Sparse coding can improve discrimination of sensory stimuli by reducing overlap between their representations. Two factors, however, can offset sparse coding's benefits: similar sensory stimuli have significant overlap and responses vary across trials. To elucidate the effects of these 2 factors, we analyzed odor responses in the fly and mouse olfactory regions implicated in learning and discrimination-the mushroom body (MB) and the piriform cortex (PCx). We found that neuronal responses fall along a continuum from extremely reliable across trials to extremely variable or stochastic. Computationally, we show that the observed variability arises from noise within central circuits rather than sensory noise. We propose this coding scheme to be advantageous for coarse- and fine-odor discrimination. More reliable cells enable quick discrimination between dissimilar odors. For similar odors, however, these cells overlap and do not provide distinguishing information. By contrast, more unreliable cells are decorrelated for similar odors, providing distinguishing information, though these benefits only accrue with extended training with more trials. Overall, we have uncovered a conserved, stochastic coding scheme in vertebrates and invertebrates, and we identify a candidate mechanism, based on variability in a winner-take-all (WTA) inhibitory circuit, that improves discrimination with training.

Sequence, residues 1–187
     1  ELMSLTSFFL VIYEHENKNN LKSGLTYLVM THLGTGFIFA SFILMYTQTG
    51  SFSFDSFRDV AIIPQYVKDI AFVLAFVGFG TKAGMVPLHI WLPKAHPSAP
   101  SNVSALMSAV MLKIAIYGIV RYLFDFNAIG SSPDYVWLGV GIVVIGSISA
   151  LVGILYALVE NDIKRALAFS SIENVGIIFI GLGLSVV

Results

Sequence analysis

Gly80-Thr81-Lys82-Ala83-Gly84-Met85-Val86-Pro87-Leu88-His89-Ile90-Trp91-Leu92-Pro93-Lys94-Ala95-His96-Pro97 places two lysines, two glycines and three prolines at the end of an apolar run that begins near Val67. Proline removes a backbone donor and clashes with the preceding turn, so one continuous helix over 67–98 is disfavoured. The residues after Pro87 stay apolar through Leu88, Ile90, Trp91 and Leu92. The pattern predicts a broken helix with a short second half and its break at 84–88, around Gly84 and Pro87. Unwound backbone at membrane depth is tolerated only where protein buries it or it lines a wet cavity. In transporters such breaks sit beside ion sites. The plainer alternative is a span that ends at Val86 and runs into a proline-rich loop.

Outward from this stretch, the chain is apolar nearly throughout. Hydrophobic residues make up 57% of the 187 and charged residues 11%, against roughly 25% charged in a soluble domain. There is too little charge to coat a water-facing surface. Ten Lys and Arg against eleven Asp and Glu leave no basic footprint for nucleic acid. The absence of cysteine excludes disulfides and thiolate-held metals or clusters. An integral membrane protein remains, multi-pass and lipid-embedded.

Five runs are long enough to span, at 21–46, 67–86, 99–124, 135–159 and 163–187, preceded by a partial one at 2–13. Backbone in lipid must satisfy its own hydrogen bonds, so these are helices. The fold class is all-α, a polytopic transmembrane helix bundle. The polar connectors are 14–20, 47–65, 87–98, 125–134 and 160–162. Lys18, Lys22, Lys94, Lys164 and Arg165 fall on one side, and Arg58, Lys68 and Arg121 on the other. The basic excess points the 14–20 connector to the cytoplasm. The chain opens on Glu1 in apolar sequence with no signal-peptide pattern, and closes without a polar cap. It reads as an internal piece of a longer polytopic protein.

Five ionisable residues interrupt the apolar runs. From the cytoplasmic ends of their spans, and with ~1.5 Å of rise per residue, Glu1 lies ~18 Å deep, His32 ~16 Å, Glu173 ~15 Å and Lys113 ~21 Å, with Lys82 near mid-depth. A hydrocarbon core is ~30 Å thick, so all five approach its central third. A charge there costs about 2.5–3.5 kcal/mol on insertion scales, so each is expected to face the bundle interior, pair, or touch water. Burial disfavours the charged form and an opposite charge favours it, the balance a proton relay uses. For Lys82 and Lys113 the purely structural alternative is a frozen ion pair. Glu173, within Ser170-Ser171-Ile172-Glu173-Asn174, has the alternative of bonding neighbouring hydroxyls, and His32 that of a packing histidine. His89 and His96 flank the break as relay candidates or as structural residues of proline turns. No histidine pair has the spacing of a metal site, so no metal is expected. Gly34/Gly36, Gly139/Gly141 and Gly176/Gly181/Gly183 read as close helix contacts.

View Publication Page
10/31/23 | Tensor formalism for predicting synaptic connections with ensemble modeling or optimization.
Tirthabir Biswas , Tianzhi Lambus Li , James E. Fitzgerald
arXiv. 2023 Oct 31:. doi: 10.48550/arXiv.2310.20309

Theoretical neuroscientists often try to understand how the structure of a neural network relates to its function by focusing on structural features that would either follow from optimization or occur consistently across possible implementations. Both optimization theories and ensemble modeling approaches have repeatedly proven their worth, and it would simplify theory building considerably if predictions from both theory types could be derived and tested simultaneously. Here we show how tensor formalism from theoretical physics can be used to unify and solve many optimization and ensemble modeling approaches to predicting synaptic connectivity from neuronal responses. We specifically focus on analyzing the solution space of synaptic weights that allow a thresholdlinear neural network to respond in a prescribed way to a limited number of input conditions. For optimization purposes, we compute the synaptic weight vector that minimizes an arbitrary quadratic loss function. For ensemble modeling, we identify synaptic weight features that occur consistently across all solutions bounded by an arbitrary quadratic function. We derive a common solution to this suite of nonlinear problems by showing how each of them reduces to an equivalent linear problem that can be solved analytically. Although identifying the equivalent linear problem is nontrivial, our tensor formalism provides an elegant geometrical perspective that allows us to solve the problem numerically. The final algorithm is applicable to a wide range of interesting neuroscience problems, and the associated geometric insights may carry over to other scientific problems that require constrained optimization.

View Publication Page